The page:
Population trend : It is estimated that the population of Kidneyshell in Canada has declined by 70% since the invasion of the Great Lakes by dreissenid mussels. This estimate is based on the number of historical records that occur in waters that now contain dreissenid mussels.
Spawning and fertilization: The reproductive biology of the Kidneyshell follows the general reproductive biology of most unionid mussels. Refer to Section 4.1 (Habitat and biological needs) for the general reproductive biology of freshwater mussels. No information could be found regarding the timing windows of fertilization in the Kidneyshell. As this is a long-term brooder (bradytictic), its breeding period is suspected to be from early August until the following June (Clarke 1981). Eggs appear in August and glochidia generally develop by September (Ortmann 1919). Gravid females have been observed from mid-August to October in water temperatures of 17 - 26°C (McNichols 2007, J. Ackerman, UG, unpubl. data). Fecundity has been estimated at 18 750-184 375 (mean = 88 641) glochidia per female mussel (McNichols 2007).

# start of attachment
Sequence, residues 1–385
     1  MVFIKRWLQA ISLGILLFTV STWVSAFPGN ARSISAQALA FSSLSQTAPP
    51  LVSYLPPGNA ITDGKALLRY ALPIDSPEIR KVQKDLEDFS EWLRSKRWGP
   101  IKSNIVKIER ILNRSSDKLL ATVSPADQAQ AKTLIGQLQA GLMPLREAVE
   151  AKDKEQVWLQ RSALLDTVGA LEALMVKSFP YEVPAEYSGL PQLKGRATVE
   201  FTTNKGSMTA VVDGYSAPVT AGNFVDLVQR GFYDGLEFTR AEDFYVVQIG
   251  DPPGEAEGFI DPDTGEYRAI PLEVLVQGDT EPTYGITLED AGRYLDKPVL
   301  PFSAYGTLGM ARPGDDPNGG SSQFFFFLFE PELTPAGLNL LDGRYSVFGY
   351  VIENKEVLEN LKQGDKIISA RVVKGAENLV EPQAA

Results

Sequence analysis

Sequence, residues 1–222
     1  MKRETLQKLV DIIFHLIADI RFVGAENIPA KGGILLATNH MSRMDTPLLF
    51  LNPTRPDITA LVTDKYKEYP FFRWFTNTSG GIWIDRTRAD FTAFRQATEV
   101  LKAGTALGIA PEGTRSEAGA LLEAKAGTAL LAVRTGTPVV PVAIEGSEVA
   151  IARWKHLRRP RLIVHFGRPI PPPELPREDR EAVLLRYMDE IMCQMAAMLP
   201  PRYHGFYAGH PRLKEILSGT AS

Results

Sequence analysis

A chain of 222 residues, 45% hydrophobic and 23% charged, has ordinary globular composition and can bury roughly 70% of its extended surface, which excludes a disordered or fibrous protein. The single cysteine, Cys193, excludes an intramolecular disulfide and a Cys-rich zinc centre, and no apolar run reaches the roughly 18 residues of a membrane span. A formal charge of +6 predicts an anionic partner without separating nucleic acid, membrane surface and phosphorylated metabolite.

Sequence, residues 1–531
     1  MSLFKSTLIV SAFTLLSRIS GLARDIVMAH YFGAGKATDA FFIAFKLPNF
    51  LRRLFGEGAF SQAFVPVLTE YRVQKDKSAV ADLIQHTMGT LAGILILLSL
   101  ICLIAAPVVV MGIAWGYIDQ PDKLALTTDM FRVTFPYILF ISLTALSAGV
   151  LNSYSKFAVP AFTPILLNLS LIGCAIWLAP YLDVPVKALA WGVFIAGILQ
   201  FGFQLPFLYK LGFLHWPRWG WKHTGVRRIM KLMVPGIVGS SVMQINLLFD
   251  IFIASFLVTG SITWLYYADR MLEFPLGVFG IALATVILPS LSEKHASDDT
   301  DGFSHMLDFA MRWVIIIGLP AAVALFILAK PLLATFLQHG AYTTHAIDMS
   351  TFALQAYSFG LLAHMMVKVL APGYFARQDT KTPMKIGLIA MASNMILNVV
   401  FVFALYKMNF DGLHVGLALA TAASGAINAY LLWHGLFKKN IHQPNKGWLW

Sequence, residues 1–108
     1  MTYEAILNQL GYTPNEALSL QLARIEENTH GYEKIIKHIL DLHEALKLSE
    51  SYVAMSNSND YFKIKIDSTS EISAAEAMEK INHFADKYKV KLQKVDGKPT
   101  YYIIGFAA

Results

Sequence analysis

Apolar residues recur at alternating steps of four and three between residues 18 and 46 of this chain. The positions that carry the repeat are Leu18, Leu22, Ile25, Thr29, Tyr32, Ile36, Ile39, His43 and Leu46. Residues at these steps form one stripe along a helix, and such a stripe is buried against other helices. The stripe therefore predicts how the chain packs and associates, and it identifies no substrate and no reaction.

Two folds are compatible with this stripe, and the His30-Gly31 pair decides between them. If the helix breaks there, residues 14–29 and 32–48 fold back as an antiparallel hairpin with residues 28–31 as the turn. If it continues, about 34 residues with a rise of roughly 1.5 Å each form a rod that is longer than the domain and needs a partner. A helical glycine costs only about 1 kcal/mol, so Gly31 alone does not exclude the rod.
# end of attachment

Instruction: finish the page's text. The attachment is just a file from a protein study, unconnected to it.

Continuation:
Encysted glochidial stage: Further development to the juvenile stage cannot continue without a period of encystment on the host. Refer to Section 4.1 (Habitat and biological needs) for further information on freshwater mussel glochidia. Members of the genus Ptychobranchus have evolved a specialized method of delivering glochidia designed to increase the likelihood of encountering a suitable host. The glochidia are released in mucous-encased packages termed conglutinates, which have been shown to resemble fish fry complete with eye spots, or benthic invertebrates such as chironomids. These two forms represent prey items of the host species, which stimulate feeding instincts of the host. This results in conglutinates being ingested by the host, where they rupture, releasing glochidia in close proximity to the gills of the host. It is important to note that the use of conglutinates by the Kidneyshell protects the glochidia from external contaminants. For example, Gillis et al. (2008) determined that Kidneyshell conglutinates could withstand a higher concentration (by a four-fold increase) of copper exposure than free Kidneyshell glochidia. Glochidia that have encysted on their host have also been found to be at least ten times more resistant to acute copper exposure than free glochidia (Jacobson et al. 1997). Five glochidial host fishes have been identified for the Kidneyshell in Canada: Blackside Darter, Fantail Darter, Johnny Darter (E. nigrum), Iowa Darter, and Brook Stickleback (Culaea inconstans; McNichols 2007). Glochidia were attached to the host species for 22 - 29 days (temperature = 19.5°C) before metamorphosis and drop off occurred (McNichols 2007). Further research is required on how water temperatures affect the current populations of Kidneyshell.